The next day we had a half-day tour to the floating islands of Uros. What an amazing experience! These “islands” are literally floating, built out of the reeds for which the lake is famous, and anchored in a preferred spot. Before the rainy season, the anchors are removed and the islands are moved to a shallower spot to avoid flooding. Each island has 10-20 families living on it – if conflict arises, an island can literally be cut in half and the dissenting group can start their own island or go join another existing island.

In the afternoon, we had bought tickets for a bus ride onwards to Copacabana, just over the Bolivian border. The “bus” ended up being a little bitty micro-bus, with all of our backpacks piled on top and held in by a net. Good stuff! The crew on the trip turned out to be a great mix, with 4 australians, 2 kiwis, and a swiss guy along for the ride. Good times were had, including 3 trips across the (physical) Peru-Bolivia border since we didn´t know we had to go to two different offices to get the correct stamps in our passports. The bus driver dropped us off on the peruvian side, told us to go get our passports sorted out, and that he would meet us at the other end so we could transfer our stuff onto the bolivian minibus. No instructions were given, of course.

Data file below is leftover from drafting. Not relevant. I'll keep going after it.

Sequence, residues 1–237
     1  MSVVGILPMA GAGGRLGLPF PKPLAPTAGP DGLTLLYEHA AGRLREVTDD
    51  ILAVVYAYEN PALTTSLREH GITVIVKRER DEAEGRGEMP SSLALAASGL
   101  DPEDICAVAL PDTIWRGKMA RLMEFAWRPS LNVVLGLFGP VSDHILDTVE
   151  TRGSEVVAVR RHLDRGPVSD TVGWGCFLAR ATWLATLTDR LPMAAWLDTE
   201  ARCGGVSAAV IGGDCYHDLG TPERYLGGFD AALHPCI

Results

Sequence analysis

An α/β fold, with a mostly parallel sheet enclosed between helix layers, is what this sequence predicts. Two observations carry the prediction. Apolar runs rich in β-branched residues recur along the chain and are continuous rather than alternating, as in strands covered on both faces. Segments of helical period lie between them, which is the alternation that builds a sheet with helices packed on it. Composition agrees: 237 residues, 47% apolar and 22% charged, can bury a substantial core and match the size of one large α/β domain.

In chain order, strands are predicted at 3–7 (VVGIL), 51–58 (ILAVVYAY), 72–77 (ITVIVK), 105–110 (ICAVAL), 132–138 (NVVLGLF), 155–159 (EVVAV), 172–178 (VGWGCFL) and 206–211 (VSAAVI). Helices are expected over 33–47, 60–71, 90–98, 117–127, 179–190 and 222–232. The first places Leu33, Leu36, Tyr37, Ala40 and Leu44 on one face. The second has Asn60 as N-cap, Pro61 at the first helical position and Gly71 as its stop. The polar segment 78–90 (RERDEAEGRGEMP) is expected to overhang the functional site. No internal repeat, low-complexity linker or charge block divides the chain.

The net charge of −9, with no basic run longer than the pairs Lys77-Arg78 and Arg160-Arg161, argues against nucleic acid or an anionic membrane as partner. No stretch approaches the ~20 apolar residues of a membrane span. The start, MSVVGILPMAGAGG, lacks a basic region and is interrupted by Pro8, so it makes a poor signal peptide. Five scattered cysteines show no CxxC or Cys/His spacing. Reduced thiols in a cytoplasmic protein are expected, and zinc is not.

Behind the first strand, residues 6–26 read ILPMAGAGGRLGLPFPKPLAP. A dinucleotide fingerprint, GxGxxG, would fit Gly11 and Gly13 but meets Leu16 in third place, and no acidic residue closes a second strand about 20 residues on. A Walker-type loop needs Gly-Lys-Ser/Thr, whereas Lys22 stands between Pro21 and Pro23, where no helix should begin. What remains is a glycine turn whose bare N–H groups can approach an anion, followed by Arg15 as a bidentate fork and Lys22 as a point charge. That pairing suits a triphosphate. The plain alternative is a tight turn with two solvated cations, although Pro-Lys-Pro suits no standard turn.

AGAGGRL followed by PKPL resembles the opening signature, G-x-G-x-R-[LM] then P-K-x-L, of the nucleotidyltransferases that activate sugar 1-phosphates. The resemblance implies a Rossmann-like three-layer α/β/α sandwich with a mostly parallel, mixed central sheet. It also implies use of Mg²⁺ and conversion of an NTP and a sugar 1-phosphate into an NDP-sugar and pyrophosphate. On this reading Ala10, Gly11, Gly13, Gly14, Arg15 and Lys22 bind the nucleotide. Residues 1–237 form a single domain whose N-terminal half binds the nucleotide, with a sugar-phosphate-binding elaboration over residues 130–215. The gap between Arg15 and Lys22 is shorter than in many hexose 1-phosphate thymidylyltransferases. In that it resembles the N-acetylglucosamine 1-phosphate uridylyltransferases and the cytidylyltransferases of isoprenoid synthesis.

That evening, we ended up going to the same hotel as the whole crew, and also going out for dinner with everyone. What fun! – it´s been a while since Dan and I had been that social.

The following day, in a perverse twist on the scenario a few days previous, it was Dan who was not feeling well, so I went off on my own to explore the Isla del Sol, one of the larger island in Lake Titicaca. I ended up spending the day with the swiss and kiwi guys, and also a kiwi girl the swiss guy had met previously and whom we bumped into on the boat ride there (talk about random connections). In all, given that Dan wasn´t there, this was about the best day I could have had.